The Word Became Flesh

When Jesus came to earth, God came to earth. This reality of the incarnation is clear throughout all the Christmas narratives. Matthew highlights Isaiah’s prophecy that the virgin’s son would be called Emmanuel, God with us. Luke emphasizes the Holy Spirit’s conception in Mary and through the songs identifies the child as the Son of the Most High. However, it’s John’s gospel that takes the deity in the incarnation to new levels. He begins by connecting Jesus to the eternal because He was in/before the beginning. He also ties Him to creation as the source of light and life. He goes on to say that a relationship with Jesus is equivalent to being children of God. John brings this emphasis to a head by saying that Jesus showed us the glory of the Father and incarnated the Father’s grace and truth. All the way through this introduction to John’s gospel, He clarified that when one believes in Jesus or receives Jesus, they are believing and receiving Him as God. This is important because the world and liberal theology would love to diminish the deity of Christ. To them He didn’t announce His deity clearly enough Himself, so surely this was an invention of hopelessly optimistic disciples longing for relationships following their master’s death. However to accept these deconstructions of the gospel is to ignore the very point John is driving at and makes explicit in v1, that the Word, Jesus, is God. And this means our salvation rests in good hands, hands that took our penalty and were raised from the dead. Make no mistake, when we celebrate Christmas, we celebrate the birth of God in the flesh. Thanks be to God for His unspeakable gift. —Pastor Rory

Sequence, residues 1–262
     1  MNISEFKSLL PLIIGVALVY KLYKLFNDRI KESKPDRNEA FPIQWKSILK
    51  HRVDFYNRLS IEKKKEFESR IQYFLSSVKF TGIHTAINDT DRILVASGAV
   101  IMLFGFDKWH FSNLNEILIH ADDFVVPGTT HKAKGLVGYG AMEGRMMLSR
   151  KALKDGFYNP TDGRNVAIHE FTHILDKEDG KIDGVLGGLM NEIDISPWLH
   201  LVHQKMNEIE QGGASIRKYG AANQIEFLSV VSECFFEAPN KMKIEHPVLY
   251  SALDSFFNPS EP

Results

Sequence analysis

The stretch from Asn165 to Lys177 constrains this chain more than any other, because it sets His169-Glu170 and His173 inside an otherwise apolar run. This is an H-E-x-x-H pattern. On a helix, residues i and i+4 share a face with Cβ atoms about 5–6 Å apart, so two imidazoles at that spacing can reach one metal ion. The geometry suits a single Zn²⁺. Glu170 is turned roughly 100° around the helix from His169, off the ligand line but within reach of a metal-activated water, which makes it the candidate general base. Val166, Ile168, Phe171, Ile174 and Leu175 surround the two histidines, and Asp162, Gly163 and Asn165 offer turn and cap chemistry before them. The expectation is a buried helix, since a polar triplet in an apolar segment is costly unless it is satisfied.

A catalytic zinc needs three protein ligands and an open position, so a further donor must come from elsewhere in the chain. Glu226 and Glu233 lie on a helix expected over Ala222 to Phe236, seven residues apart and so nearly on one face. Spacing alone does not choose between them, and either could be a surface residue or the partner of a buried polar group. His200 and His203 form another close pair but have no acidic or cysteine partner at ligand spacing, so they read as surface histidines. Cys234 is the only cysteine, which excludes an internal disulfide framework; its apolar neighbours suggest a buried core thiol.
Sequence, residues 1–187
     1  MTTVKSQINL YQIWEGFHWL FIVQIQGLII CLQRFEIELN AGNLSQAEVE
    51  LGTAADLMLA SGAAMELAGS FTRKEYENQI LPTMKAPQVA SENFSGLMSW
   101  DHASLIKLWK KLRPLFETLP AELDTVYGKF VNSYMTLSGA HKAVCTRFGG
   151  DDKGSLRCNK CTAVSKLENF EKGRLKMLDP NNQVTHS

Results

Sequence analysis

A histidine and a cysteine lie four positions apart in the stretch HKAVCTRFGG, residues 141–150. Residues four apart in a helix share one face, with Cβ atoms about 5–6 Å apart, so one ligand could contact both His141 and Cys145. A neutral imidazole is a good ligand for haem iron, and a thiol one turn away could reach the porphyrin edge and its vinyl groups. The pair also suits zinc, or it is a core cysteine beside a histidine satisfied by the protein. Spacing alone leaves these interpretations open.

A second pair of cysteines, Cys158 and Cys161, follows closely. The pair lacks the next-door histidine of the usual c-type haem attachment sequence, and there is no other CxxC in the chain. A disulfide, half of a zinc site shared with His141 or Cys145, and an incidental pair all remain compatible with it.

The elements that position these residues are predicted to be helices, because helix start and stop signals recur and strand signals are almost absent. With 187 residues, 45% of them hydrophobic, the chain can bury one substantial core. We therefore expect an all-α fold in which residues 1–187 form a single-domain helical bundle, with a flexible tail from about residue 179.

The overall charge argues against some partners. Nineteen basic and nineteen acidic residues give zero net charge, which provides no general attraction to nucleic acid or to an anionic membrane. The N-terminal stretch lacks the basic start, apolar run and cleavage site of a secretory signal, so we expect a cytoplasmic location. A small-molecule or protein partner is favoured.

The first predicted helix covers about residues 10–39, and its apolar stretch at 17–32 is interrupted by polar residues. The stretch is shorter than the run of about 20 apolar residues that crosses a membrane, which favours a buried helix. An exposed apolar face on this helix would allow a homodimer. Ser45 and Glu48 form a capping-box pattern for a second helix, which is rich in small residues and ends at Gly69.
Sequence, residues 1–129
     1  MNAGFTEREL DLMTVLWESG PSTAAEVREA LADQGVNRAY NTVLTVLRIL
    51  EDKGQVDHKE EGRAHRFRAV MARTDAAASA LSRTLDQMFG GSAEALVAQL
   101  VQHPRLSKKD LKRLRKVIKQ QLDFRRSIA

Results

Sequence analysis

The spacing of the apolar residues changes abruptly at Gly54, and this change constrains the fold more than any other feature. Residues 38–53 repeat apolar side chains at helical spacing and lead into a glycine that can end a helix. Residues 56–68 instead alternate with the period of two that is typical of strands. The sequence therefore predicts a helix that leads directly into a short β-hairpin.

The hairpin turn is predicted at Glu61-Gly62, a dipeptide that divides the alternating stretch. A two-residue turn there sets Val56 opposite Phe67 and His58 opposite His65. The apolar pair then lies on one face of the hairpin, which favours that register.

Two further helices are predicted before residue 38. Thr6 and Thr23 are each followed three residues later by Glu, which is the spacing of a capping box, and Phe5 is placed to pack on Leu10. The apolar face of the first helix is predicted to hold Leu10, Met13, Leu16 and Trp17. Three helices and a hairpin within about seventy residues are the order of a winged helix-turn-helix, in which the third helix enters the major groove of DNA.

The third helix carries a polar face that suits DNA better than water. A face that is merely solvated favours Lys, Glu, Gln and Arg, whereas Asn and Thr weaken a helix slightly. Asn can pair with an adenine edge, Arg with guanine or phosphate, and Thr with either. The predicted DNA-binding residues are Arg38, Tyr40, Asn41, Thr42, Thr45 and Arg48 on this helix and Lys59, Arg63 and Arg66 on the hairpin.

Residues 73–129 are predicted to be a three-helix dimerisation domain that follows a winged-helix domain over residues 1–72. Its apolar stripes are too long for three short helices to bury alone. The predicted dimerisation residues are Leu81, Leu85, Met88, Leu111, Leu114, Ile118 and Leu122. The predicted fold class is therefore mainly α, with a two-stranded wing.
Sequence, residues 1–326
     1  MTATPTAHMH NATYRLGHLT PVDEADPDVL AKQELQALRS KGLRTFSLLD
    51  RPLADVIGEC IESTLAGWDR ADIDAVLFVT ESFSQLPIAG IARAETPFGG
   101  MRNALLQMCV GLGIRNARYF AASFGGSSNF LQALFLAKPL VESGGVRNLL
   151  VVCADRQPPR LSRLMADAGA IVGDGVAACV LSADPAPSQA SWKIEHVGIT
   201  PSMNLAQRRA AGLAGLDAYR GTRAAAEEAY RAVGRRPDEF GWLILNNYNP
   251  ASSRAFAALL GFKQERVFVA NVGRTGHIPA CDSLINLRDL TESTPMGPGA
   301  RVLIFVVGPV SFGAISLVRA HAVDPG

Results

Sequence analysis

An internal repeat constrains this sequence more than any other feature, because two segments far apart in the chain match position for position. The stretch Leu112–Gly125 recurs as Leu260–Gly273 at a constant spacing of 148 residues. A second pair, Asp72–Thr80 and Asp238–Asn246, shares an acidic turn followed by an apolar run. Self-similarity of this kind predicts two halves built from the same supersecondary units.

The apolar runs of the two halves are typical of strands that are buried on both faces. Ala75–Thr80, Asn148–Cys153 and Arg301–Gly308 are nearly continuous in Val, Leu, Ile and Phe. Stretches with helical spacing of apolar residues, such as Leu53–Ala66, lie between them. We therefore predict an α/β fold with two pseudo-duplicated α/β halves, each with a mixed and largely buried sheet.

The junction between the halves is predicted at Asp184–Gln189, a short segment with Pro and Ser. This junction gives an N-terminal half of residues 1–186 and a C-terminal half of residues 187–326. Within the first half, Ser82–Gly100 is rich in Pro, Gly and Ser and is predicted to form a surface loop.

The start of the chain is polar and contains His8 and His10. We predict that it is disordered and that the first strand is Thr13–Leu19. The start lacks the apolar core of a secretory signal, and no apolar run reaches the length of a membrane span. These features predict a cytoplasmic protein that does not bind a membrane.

Sunday at Liberty

10AM: Pastor Rory Martin–The Word Became Flesh–John 1:1-14 (sermon notes

No Evening Gathering

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